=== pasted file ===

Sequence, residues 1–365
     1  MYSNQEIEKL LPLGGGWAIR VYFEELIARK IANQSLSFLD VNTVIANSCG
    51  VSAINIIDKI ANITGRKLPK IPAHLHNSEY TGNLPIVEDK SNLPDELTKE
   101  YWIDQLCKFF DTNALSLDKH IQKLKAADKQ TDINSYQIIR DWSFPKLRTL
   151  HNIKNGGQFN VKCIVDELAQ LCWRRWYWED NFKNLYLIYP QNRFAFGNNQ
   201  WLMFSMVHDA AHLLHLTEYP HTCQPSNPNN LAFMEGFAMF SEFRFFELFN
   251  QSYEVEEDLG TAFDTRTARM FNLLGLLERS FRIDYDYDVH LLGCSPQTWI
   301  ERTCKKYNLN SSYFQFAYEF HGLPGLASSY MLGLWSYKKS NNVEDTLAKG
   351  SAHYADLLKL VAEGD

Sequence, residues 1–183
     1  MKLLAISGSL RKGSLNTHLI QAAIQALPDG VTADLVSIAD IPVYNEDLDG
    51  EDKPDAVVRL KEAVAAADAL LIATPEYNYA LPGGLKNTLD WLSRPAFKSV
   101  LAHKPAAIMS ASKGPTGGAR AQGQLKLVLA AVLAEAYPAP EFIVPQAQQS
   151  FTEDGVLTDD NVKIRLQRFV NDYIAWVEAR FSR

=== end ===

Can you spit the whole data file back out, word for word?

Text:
Sequence, residues 1–365
     1  MYSNQEIEKL LPLGGGWAIR VYFEELIARK IANQSLSFLD VNTVIANSCG
    51  VSAINIIDKI ANITGRKLPK IPAHLHNSEY TGNLPIVEDK SNLPDELTKE
   101  YWIDQLCKFF DTNALSLDKH IQKLKAADKQ TDINSYQIIR DWSFPKLRTL
   151  HNIKNGGQFN VKCIVDELAQ LCWRRWYWED NFKNLYLIYP QNRFAFGNNQ
   201  WLMFSMVHDA AHLLHLTEYP HTCQPSNPNN LAFMEGFAMF SEFRFFELFN
   251  QSYEVEEDLG TAFDTRTARM FNLLGLLERS FRIDYDYDVH LLGCSPQTWI
   301  ERTCKKYNLN SSYFQFAYEF HGLPGLASSY MLGLWSYKKS NNVEDTLAKG
   351  SAHYADLLKL VAEGD

Sequence, residues 1–183
     1  MKLLAISGSL RKGSLNTHLI QAAIQALPDG VTADLVSIAD IPVYNEDLDG
    51  EDKPDAVVRL KEAVAAADAL LIATPEYNYA LPGGLKNTLD WLSRPAFKSV
   101  LAHKPAAIMS ASKGPTGGAR AQGQLKLVLA AVLAEAYPAP EFIVPQAQQS
   151  FTEDGVLTDD NVKIRLQRFV NDYIAWVEAR FSR